- Walker, M.D., C. Henrik Wahren, R.D. Hollister, G.H.R. Henry, L.E. Ahlquist, J.M. Alatalo, M. S. Bret-Harte, M.P. Calef, T.V. Callaghan, A.B. Carroll, H.E. Epstein, I.S. Jónsdóttir, J.A. Klein, B. Magnússon, U. Molau, S.F. Oberbauer, S.P. Rewa, C.H. Robinson, G.R. Shaver, K.N. Suding, C.C. Thompson, A. Tolvanen, Ø. Totland, P. Lee Turner, C.E. Tweedie, P.J. Webber, and P. A. Wookey 2006. Plant community responses to experimental warming across the tundra biome. Proceedings of the National Academy of Science 103:342-346.
- Loescher, H.W., H.L. Gholz, J.M. Jacobs, and S.F. Oberbauer 2005. Energy balance and modeled evapotranspiration for a wet tropical forest in Costa Rica. Journal of Hydrology 315:274-294.
- Sturm, M., J. Schimel, G. Michelson, J. Welker, S.F. Oberbauer, G. Liston, J. Fahnestock, and V.E. Romanovsky. 2005. The role of winter biological processes in converting arctic tundra to shrubland. BioScience 55:17-26.
- O'Brien, J.J., S.F. Oberbauer, D.B. Clark and D.A. Clark. 2004 Tropical tree water use responds to climatic variation similarly among morphologically diverse rainforest tree species. Plant Cell and Environment. 27:551-567
- Loescher, H.W., J.A. Bentz, S.F. Oberbauer, T.K. Gosh, R.V. Thompson, and S.K. Loyalka. 2004. Characterization and dry deposition of carbonaceous aerosols in a wet tropical forest canopy. Journal of Geophysical Research. 109:D02309
Starr, G., D.S. Neuman, and S. F. Oberbauer. 2004. Ecophysiological analysis of two arctic sedges under reduced root temperatures. Physiologia Plantarum. 120:458-464
Starr, G. and S.F. Oberbauer. 2003. Photosynthesis of arctic evergreens under snow: implications for tundra ecosystem carbon balance. Ecology 84:14151420.
Hobbie, J. E., G. Shaver, J. Laundre, K. Slavik, L. A. Deegan, J. O'Brien, S. Oberbauer, and S. MacIntyre. 2003. Climate forcing at the Arctic LTER Site. In: D. Greenland, D. Goodin and R. Smith (eds.), Climate Variability and Ecosystem Response at Long-Term Ecological Research (LTER) Sites. Pp 74-91. Oxford University Press, New York.
- Loescher, H.W., S.F. Oberbauer, H.L. Gholz, and D.B. Clark. 2003. Environmental controls on net ecosystem-level carbon exchange and productivity in a Central American tropical wet forest. Global Change Biology 9:396-412
National Science Foundation – Ecosystems. Causes and implications of dry season control of tropical wet forest tree growth at very high water levels: direct vs. indirect limitations (CARBONO - VERANO project).
National Science Foundation – Polar Programs. Arctic Observing Networks: Collaborative Research: Sustaining and amplifying the ITEX AON through automation and increased interdisciplinarity of observations (AON-ITEX).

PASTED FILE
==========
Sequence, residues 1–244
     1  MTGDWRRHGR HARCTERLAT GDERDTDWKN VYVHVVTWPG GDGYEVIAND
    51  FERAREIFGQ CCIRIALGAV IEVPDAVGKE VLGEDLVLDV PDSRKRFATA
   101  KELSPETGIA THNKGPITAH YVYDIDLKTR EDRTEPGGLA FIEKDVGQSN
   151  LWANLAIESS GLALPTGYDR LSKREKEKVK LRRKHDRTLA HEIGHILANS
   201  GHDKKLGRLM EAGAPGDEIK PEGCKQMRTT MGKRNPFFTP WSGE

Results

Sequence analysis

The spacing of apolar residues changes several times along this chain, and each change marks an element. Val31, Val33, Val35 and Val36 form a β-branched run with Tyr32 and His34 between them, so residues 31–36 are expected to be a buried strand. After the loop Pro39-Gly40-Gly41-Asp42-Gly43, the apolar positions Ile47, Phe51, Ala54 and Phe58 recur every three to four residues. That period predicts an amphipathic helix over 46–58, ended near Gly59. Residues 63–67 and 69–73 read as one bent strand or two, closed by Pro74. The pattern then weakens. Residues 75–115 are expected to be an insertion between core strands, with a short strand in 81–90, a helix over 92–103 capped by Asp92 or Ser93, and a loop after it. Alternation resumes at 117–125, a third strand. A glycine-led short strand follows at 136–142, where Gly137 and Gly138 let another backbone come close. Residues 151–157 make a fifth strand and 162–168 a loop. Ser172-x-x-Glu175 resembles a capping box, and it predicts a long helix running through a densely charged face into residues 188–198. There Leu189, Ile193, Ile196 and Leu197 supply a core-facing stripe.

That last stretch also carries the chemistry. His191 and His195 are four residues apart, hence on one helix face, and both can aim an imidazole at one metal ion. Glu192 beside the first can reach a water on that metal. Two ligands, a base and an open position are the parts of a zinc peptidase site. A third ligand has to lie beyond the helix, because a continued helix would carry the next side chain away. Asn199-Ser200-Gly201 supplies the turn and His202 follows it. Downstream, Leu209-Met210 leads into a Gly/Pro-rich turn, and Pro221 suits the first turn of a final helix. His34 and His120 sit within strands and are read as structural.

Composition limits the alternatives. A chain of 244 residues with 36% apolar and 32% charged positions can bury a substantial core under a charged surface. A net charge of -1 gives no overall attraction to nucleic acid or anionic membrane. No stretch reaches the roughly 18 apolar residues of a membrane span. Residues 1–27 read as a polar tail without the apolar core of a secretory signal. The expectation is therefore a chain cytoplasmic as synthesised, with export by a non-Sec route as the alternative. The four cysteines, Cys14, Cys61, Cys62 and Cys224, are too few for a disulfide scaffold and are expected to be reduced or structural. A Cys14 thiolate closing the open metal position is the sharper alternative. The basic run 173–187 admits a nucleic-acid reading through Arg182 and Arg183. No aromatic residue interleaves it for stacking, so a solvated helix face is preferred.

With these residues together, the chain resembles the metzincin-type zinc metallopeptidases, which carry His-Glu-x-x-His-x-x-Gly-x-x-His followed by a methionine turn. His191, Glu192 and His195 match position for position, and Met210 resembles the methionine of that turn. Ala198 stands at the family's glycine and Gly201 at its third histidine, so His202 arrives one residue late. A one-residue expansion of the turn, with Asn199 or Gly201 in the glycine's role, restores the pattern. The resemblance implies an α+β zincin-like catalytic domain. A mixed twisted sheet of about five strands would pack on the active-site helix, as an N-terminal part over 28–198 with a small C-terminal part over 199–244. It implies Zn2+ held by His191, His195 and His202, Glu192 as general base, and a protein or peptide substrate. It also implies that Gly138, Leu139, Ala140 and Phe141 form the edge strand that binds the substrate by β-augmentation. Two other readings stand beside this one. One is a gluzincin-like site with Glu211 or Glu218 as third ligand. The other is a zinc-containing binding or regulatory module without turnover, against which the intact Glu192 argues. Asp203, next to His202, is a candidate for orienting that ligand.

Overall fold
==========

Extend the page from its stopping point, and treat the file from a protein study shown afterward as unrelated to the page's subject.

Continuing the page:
NSF-Arctic Natural Sciences. Collaborative Research; cold-season gas exchange of arctic plants - resolving winter carbon and water balances of Alaskan arctic tundra (Coldseason project).
NSF -IPY Arctic Observing Networks Study of Arctic ecosystem changes in the IPY using the International Tundra Experiment. (ITEX-IPY)
DOE-NICCR. Response of carbon dioxide, water, and energy exchange of peat and marl wetlands in the Florida Everglades to changes in hydroperiod (Evergladesflux).
NSF-Biocomplexity. Biocomplexity Associated with the Response of Tundra Carbon Balance to Warming and Drying Across Multiple Scales. Barrowbiocomplexity (this project has sunsetted).
Effects of increased season length on plant phenology, community composition, productivity, and ecosystem carbon fluxes in Alaskan tundra Season project (this project has sunsetted)
Carbon stockes and fluxes in a tropical rain forest in Costa Rica Carbono project
NSF- Integrated carbon program. Understanding interannual NEE variability in a tropical rain forest using constrained estimates of carbon exchange. S.F. Oberbauer, D.A. Clark, M. Ryan, D.B. Clark. Carbono-Towers
National Science Foundation - Biocomplexity of the Environment Coupled Biogeochemical Cycles. Complex interactions among water, nutrients and carbon stocks and fluxes across a natural fertility gradient in tropical rain forest. (CICLOS PROJECT).
Colby, S. J. 2007. M.S. Effect of
a sudden freeze-thaw event on Sphagnum girgensohnii grown
under different light and temperature regimes.
Daniel Gomez Ph.D. (year 3)- tree islands of Everglades (on leave of absence)
Chad Husby Ph.D. (year 6) - ecophysiology of Equisetum giganteum
- Paulo Olivas. Ph.D (year 2)- hydrological and temperature controls on tundra greenhouse gas fluxes